Watch out for cash-grab­bing en­ergy firms

The Jewish Chronicle - - Business -

IN TH­ESE TOUGH times, many would think twice about lend­ing money, even to loved ones. So why would you give an in­ter­est free loan to your en­ergy provider? Thou­sands of peo­ple have got let­ters from their en­ergy com­pa­nies, telling them that the amount they need to pay will dou­ble or tre­ble. While en­ergy costs have risen by 50 per cent in 2008 alone, that’s still only a frac­tion of the rise many are see­ing. What’s the cause? Greedy en­ergy com­pa­nies un­nec­es­sar­ily hoik­ing the di­rect debit lev­els.


If you pay by di­rect debit, check the amount. Don’t as­sume just be­cause you’re in credit the bill won’t be in­creased.

Gas and elec­tric­ity cus­tomers across the UK are hav­ing their pay­ments pumped up to grossly dis­pro­por­tion­ate lev­els to the amount of en­ergy be­ing used.

It’s im­por­tant to note that this only ap­plies to monthly di­rect debit. Those pay­ing by quar­terly di­rect debit, di­rect billing or pre­pay­ment me­ters gen­er­ally only pay for what they use.

Yet monthly di­rect debit is the cheapest way to pay your gas and elec­tric­ity bills, usu­ally at least ten per cent cheaper than any other method. Even the Prime Min­is­ter has en­cour- aged peo­ple to pay this way, yet he didn’t men­tion the prob­lems.

It’s time we fought back to en­sure that the money stays in our pock­ets rather than boost­ing the en­ergy giants’ cof­fers.


The price you are charged for your en­ergy and the amount that you pay ev­ery month are not the same thing. The en­ergy cost is set by the power sup­pli­ers and you will be charged a unit amount for gas and elec­tric­ity, and pos­si­bly a monthly stand­ing charge on top.

But what you ac­tu­ally pay is de­ter­mined by the en­ergy com­pany’s es­ti­mate of your an­nual us­age, di­vided by twelve. So, if they think you’re go­ing to spend £1,200 over the course of the year, then you should be pay­ing a di­rect debit of £100 a month.

The aim is that this min­imises the sea­son­al­ity. Of course, we tend to use more en­ergy in the win­ter months when our homes need more heat­ing, so there should be a small sur­plus af­ter the sum­mer that will be used up in the win­ter. The prob­lem is that the link be­tween what we’re be­ing charged and our ac­tual en­ergy us­age seems to have been lost. One MP has, rightly in my view, ar­gued that this is just be­ing done to boost en­ergy com­pa­nies’ cash flow as, if they take more money from our pock­ets, they can then earn in­ter­est on it and use it for their own pur­poses.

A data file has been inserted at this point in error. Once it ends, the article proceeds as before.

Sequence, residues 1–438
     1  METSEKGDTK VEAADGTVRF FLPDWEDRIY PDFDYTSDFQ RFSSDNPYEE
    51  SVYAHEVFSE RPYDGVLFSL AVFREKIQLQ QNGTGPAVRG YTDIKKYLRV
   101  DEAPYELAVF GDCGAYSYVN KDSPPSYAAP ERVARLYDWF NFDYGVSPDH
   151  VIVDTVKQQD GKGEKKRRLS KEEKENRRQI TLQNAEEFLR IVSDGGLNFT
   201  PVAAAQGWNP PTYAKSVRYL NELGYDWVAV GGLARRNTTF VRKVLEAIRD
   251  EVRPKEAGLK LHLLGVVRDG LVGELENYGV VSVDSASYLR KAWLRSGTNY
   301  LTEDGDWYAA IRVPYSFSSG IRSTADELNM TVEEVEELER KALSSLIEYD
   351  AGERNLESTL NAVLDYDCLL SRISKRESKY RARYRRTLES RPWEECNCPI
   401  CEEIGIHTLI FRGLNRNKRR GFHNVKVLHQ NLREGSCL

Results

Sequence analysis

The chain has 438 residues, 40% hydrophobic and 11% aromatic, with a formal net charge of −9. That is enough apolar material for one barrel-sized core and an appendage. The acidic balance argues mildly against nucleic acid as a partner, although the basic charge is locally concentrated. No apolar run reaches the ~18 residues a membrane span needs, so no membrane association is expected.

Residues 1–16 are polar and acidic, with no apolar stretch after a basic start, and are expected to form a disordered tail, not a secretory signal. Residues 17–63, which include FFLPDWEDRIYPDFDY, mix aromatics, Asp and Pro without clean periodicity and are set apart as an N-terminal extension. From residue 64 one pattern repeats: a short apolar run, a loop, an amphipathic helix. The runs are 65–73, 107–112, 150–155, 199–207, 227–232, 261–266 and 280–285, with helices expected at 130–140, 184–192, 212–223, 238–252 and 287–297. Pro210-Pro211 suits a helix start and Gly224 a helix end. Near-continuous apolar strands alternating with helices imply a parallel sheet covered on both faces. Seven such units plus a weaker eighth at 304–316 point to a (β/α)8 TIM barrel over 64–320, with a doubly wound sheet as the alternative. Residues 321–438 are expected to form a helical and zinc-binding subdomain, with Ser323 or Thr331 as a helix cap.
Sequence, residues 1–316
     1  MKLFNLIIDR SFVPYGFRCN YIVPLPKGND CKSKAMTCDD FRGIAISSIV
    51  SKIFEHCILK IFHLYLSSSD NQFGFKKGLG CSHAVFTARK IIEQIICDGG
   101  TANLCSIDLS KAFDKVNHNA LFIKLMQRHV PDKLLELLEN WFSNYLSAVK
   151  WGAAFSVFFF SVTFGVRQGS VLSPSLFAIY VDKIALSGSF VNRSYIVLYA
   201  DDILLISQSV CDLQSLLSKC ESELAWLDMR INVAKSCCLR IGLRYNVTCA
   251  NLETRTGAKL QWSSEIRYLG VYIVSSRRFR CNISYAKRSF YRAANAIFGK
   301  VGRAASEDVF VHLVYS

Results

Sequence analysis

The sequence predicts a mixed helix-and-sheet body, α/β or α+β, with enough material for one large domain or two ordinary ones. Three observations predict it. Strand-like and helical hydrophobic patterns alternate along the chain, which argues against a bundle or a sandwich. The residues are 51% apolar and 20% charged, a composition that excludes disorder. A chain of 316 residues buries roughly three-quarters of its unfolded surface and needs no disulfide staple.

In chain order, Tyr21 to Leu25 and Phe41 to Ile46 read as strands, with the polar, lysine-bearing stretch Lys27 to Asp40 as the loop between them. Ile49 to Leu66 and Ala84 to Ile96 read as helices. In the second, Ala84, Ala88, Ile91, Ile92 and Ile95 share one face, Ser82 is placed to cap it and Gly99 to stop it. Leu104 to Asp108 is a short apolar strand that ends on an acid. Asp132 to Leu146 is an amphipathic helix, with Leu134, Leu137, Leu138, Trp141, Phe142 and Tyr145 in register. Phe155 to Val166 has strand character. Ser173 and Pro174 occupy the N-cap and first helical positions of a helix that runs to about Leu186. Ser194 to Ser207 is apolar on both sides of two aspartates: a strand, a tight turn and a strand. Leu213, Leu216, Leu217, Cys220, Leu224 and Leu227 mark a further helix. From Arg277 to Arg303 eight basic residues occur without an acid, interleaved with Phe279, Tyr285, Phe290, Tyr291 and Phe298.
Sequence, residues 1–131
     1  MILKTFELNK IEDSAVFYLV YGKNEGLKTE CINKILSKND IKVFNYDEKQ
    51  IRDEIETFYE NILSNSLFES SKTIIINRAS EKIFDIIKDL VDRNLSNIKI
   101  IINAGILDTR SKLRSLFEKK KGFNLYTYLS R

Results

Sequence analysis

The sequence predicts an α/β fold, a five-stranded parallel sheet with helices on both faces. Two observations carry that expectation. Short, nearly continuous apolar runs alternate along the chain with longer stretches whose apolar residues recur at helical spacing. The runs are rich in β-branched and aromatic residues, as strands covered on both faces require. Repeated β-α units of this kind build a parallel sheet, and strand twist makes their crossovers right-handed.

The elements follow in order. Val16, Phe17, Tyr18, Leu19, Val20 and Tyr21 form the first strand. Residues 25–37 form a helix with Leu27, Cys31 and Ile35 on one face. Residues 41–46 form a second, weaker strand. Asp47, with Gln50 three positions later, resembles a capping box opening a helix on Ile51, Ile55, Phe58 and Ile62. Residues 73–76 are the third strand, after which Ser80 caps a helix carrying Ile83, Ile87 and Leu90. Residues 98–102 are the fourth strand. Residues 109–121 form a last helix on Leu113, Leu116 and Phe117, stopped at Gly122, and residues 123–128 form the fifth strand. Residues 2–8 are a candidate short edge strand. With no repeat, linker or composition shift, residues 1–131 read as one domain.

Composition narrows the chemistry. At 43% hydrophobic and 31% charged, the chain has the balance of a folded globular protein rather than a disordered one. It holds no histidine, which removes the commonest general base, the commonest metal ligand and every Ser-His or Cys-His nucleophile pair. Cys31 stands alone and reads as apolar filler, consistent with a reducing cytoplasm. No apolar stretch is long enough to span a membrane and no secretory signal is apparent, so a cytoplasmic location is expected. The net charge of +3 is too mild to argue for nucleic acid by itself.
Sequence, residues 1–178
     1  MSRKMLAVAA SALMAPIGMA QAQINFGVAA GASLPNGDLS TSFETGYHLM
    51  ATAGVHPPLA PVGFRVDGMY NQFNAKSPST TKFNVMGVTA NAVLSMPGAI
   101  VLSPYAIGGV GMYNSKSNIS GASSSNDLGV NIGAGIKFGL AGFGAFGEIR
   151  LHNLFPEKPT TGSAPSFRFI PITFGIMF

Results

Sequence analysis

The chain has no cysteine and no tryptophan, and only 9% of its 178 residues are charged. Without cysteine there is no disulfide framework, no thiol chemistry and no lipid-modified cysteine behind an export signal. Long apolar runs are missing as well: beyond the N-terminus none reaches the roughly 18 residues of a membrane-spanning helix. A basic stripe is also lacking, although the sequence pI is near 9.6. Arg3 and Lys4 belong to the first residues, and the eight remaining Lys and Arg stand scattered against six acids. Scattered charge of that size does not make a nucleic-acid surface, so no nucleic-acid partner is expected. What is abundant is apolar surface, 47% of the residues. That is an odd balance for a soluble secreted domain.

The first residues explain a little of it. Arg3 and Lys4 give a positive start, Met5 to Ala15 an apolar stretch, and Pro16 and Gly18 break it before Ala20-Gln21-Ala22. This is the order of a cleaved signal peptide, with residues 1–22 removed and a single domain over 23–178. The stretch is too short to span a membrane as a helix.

And anec­do­tally it seems to have got much worse over the last year. So much so that even those switch­ing to ‘cheaper’ sup­pli­ers can find them­selves pay­ing more each month.



Never al­low the com­pany to rely on its es­ti­mates; that’s a great ex­cuse for inac­cu­racy. When­ever you get a bill, the first thing to do is to go to your me­ter, take an ac­cu­rate read­ing and re­port it to the sup­plier.


Be­ing a small amount in credit is fine, as the worse thing is ow­ing the en­ergy com­pany a whack of cash and hav­ing it chase you. Yet if you’re heav­ily and dis­pro­por­tion­ately in credit, it means you’ve sub­stan­tially over­paid. Be­fore even talk­ing about low­er­ing the di­rect debit, try to get back a chunk of the sur­plus back.

Some com­pa­nies have au­to­matic pay­out sys­tems. Bri­tish Gas, for ex­am­ple, should re­fund you if your ac­count is more than £200 in credit. Most other com­pa­nies sim­ply have a re­view ev­ery six or 12 months, so push to en- sure you’re get­ting the right mount of money back.


En­ergy rules give you a right to ask for an ex­pla­na­tion as to why your di­rect debit is set at a cer­tain level. If your deb­its in­creased too much, ask your provider to ex­plain why, and if it’s not jus­ti­fi­able (which is com­mon) re­quest it low­ers your pay­ments so they ac­cu­rately re­flect your use.

If the di­rect debit has been in­creased enor­mously and you were a small amount, eg £20, in debit, one trick that of­ten works is to pay that amount off there and then on the phone. As you are no longer in debit, it can help you ar­gue that your pay­ments should not be in­creased as much.


If your provider still hasn’t low­ered the di­rect debit amount, it’s time to make a for­mal re­quest, ar­gu­ing that it’s dis­pro­por­tion­ate.

Out­ra­geously, we do not have a le­gal right to have rea­son­able di­rect debit lev­els set. It’s some­thing I be­lieve the Gov­ern­ment needs to change quickly.

Yet writ­ing a for­mal let­ter to your sup­plier will in­di­cate that you are tak­ing it se­ri­ously and are un­will­ing to let the mat­ter lie. Most im­por­tantly, you should men­tion that you will leave the en­ergy com­pany if it doesn’t lower the debit. There’s a sam­ple let­ter on my web­site at www.mon­eysaving­ex­­er­gy­di­rect­debit


If your sup­plier still won’t budge, and you think you are be­ing treated un­fairly, try the En­ergy Om­buds­man, the in­de­pen­dent ar­biter of dis­putes be­tween com­pa­nies and cus­tomers. It will check whether the com­pany has stuck to the in­dus­try’s code of prac­tice and award you com­pen­sa­tion if not.

If none of this works, the nu­clear op­tion is sim­ply to can­cel the di­rect debit. At that point, the en­ergy com­pany should give you an over­pay­ment re­fund. You will of course be pay­ing more if you are not pay­ing by di­rect debit, yet if it’s been so bel­liger­ent, why not ditch it and switch to an­other provider?

Go to www.mon­eysaving­ex­ gas­e­lec to find out how.

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